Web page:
COOK COUNTY, IL – Cook County Sheriff’s Police Detective Ginny Georgantas, whose tireless devotion to solving the 17-year-old murders of twin infant boys led her to learn the complex field of forensic genealogy, has been named the 2021 Officer of the Year by the International Association of Chiefs of Police, Cook County Sheriff Thomas J. Dart announced today.
“This case was cold for nearly two decades, but it was not forgotten,” Sheriff Dart said. “Detective Georgantas’ incredible dedication to solving this case is evidence that we never give up in our search for justice. I’m proud to have such committed detectives working to help keep our residents safe and prove that all cases are worthy of closure.”
Georgantas joined the Sheriff’s Office in 2011 as a Corrections Officer and transferred to the Sheriff’s Police in 2013. After being promoted to Detective in 2015, Georgantas learned of the unsolved murders of the boys, whose bodies were found in a trash bin in unincorporated Stickney Township back in 2003.
At the time of the original investigation, an autopsy determined the victims were born alive and died of asphyxiation, and the deaths were ruled homicides. Sheriff’s Police conducted a thorough investigation at the time, but the case remained unsolved.
After years without any new developments in the case, it soon became clear to Georgantas that she would need to look to new technology if there were to be any hope of finding new leads. She devoted more than one thousand hours to learning the difficult and complicated processes of forensic genealogy, which — in addition to months of traditional investigative work – enabled her and her colleagues to link DNA recovered at the original scene a possible blood relative of the victims.
This fresh lead led her and her supervisor to a stakeout outside a convenience store in Holland, Michigan, where they were able to recover a tossed cigarette butt from the woman they believed was related to the infants.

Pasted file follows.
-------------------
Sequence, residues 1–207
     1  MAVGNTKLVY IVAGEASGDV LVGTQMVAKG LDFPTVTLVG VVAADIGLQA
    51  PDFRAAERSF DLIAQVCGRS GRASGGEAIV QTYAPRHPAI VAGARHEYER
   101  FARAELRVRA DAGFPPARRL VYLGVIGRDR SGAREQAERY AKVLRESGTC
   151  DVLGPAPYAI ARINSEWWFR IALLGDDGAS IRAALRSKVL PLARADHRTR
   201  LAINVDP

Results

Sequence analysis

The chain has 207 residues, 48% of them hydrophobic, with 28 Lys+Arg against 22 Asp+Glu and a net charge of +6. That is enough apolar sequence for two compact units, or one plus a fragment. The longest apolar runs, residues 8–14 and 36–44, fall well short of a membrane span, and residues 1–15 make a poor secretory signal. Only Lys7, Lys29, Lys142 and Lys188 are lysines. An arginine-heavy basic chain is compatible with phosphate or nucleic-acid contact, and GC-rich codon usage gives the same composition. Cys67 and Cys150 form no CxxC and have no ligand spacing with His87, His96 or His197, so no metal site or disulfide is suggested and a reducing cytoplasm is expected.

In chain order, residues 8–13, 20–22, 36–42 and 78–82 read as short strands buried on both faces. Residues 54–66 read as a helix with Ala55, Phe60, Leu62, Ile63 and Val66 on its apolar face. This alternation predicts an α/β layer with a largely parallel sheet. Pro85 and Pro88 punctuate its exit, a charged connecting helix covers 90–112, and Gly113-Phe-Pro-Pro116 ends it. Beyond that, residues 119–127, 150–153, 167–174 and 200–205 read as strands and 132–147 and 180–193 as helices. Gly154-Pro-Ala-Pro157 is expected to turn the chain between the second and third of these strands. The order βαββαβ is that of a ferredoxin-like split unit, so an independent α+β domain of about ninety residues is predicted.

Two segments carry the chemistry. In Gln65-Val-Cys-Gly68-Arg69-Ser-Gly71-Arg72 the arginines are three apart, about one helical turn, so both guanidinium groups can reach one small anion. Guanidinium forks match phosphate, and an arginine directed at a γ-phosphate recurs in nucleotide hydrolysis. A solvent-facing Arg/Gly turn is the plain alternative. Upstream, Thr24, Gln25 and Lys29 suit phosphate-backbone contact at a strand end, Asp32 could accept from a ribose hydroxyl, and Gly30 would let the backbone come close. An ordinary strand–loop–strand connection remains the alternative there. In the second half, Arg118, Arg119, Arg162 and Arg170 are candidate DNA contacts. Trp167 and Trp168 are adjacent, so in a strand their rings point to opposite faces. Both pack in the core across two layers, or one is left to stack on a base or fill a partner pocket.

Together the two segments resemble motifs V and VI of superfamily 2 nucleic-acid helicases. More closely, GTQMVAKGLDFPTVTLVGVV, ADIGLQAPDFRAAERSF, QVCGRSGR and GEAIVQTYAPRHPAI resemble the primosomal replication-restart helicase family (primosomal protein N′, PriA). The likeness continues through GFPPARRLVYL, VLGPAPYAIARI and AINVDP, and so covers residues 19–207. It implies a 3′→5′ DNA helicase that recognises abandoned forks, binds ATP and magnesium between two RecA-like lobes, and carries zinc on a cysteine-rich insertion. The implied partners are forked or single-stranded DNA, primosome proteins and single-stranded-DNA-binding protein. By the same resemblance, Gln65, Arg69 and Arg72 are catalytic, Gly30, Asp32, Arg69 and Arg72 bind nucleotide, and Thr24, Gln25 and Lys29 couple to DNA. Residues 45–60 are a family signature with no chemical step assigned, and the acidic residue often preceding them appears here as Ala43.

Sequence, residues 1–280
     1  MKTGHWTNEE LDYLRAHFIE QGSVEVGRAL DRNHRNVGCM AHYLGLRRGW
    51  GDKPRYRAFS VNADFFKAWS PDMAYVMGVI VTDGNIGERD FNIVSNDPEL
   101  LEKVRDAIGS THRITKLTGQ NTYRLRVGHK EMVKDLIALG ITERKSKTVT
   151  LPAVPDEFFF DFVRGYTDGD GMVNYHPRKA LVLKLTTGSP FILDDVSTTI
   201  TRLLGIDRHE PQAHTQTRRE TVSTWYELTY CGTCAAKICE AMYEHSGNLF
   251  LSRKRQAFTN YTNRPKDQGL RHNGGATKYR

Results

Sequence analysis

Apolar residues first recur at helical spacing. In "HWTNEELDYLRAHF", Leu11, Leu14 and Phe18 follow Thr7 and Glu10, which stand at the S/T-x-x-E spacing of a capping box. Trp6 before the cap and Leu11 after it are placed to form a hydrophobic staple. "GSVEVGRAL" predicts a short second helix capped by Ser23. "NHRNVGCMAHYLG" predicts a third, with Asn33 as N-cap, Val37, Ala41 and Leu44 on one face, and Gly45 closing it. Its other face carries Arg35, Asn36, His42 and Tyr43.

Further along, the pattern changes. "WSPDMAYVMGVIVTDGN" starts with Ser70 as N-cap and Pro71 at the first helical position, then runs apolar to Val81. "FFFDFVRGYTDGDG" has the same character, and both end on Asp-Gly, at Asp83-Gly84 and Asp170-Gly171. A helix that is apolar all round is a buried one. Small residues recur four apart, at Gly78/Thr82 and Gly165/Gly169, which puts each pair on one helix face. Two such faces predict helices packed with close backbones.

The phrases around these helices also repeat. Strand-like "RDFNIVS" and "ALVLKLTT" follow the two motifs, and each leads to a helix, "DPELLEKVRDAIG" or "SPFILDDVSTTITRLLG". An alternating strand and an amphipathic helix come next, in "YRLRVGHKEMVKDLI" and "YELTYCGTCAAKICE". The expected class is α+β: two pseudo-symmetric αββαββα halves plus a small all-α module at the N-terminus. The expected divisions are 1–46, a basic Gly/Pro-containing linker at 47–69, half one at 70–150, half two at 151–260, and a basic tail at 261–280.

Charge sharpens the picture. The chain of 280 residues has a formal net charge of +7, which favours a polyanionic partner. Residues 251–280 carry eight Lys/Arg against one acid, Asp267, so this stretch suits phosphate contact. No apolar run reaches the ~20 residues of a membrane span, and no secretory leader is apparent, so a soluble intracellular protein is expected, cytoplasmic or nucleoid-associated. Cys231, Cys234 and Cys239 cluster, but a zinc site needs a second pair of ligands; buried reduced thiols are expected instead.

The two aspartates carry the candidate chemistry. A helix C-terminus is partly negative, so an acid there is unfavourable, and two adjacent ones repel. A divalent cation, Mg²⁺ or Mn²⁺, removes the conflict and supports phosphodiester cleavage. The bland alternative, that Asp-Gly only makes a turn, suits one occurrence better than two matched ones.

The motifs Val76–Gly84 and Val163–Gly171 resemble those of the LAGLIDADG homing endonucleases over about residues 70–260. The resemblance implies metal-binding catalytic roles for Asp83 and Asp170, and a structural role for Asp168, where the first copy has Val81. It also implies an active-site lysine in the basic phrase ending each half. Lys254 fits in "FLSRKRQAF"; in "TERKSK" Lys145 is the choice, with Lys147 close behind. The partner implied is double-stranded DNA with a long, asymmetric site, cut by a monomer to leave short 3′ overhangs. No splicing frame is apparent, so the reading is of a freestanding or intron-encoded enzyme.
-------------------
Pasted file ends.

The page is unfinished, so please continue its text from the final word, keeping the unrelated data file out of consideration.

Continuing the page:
Ultimately, the DNA profile of the woman Georgantas identified through her research matched that of the unknown birth mother of the victims, Antionette Briley, who subsequently confessed to giving birth to the boys in her bathtub and then discarding them alive in the trash can.
In December 2020, Briley was charged with two counts of first-degree murder and is currently being held in Cook County Jail awaiting trial on $150,000 D-bond.
“It is an incredible honor to win this award, and I just want everyone to know that I could not have done it alone,” Georgantas said. “Everyone – from my supervisors and fellow detectives to the genealogist that taught me this work, to the other law enforcement partners that went out of their way to help – worked tirelessly to bring some measure of justice for these innocent children.”
The International Association of Chiefs of Police Officer of the Year award recognizes exceptional achievements in policing on a global stage, rewarding those who show an unparalleled commitment to public service and community safety. This marks the second time a Cook County Sheriff’s Police Officer has won this award. The first was Officer Larry Ostrowski in 1975.